March 6, 2017 | Written by: Dario Gil and Scott Crowder
Categorized: Quantum Computing
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Quantum computing is the most exciting new frontier of information technology. A universal quantum computer promises us more complete knowledge of our environment, down to the molecules that make up everything around us. And much like when the first room-sized computers were turned on in the 1940s, a quantum computer’s full potential is unknown and untapped.
That’s why IBM is announcing the industry’s first commercial program to build a universal quantum computer: we are flipping the switch on something that doesn’t exist today.
Quantum computing is a term that’s becoming more mainstream, but its complex nature means it’s not well understood beyond quantum physicists. At its core, quantum is a radical new computing model that harnesses the power and rules of nature to address problems that are impractical to solve with today’s systems.
The universal quantum computers IBM has worked toward in more than 35 years of research are the most powerful and general class of quantum computers. Their mojo comes from the quantum bit, or qubit, which leverages quantum effects that are not visible in our daily lives, to explore an exponentially more-powerful computational space, to help solve certain problems that we could not otherwise solve.
Today, the six founding members of the IBM Research Frontiers Institute – Samsung, JSR, Honda, Hitachi Metals, Canon, and Nagase – have set out with us to explore quantum computing applications for their industries. Our new goal is to deliver a universal quantum computer to select early access partners within the next few years.
Because of their exponential power, a universal quantum system with just 50 qubits may be able to perform certain complex calculations at a rate that today’s top multi-Petaflop supercomputers can’t yet emulate, nor can any other class of quantum computers. Our goal is to provide businesses and organizations with access to a new realm of computational power, before unachievable, to solve real-world and societal problems.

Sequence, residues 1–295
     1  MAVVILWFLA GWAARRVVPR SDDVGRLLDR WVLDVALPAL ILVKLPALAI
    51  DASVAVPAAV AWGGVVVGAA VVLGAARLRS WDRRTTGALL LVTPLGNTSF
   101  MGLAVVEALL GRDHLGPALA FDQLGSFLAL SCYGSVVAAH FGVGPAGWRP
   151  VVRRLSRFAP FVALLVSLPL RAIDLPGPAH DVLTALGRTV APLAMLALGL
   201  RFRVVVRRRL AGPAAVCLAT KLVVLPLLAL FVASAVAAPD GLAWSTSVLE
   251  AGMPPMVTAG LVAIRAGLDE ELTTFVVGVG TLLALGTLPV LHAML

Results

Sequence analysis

Quantum through computer science & integration
Access to the IBM Quantum Experience’s five qubit processor was just the opening volley toward creating a universal quantum computer. The quantum experience was recently upgraded with a simulator capable of handling up to 20 qubits, and a new API that gives users a way to run batches of commands using scripting languages. We see this as the beginning of quantum computer science when engineers and scientists without deep quantum physics expertise can start to develop quantum applications.
And similar to how the IBM Quantum Experience operates on the cloud, solving these problems will be possible because quantum computers will work in concert with classical computers. A classical computer will still do “traditional” things, like crunching big data. But partners in our early access commercial program will also be able to tap into a quantum computer to tackle complex, exponential problems in chemistry, machine learning, and optimization, to address applications ranging from chemistry, to drug discovery, to financial portfolio optimization.
Part of our universal quantum computing roadmap’s success relies on advancing high performance computing systems and semiconductor technologies. Quantum computers, the end of Moore’s Law… these things are not the end of classical computing. Instead, the continued innovations in system design for workload acceleration and software-defined storage enable classical systems to manage vast quantities of data, and to extract meaningful insights from that data. With cognitive infrastructure and quantum systems, we can pair insight from the data we humans have created and collected, with the possibility of exploring the world we don’t have data for, a world which quantum computers can reveal.
Think of it this way: Watson processes the data we’ve collected on existing drugs to help us make better drugs. A quantum computer closely maps how molecules interact to help us form entirely new drugs.
Quantum computers ready to solve the unknown
At a conference in 1981 Nobel Laureate Richard Feynman said, in paraphrase, “nature is quantum, and if you want to simulate nature, you better build a quantum computer.” He’s right. As this new program successfully develops increasingly capable universal quantum computers, it will open a new understanding of chemistry to help us develop new building materials, new drugs, and even optimize shipping logistics.
But perhaps even more exciting than what we know quantum computers will do is what we don’t know. With the advent of any very new technology often comes unexpected applications. No one is entirely sure of the full breadth of what a universal quantum computer is capable of. That’s exciting. And that’s what we want to find out.
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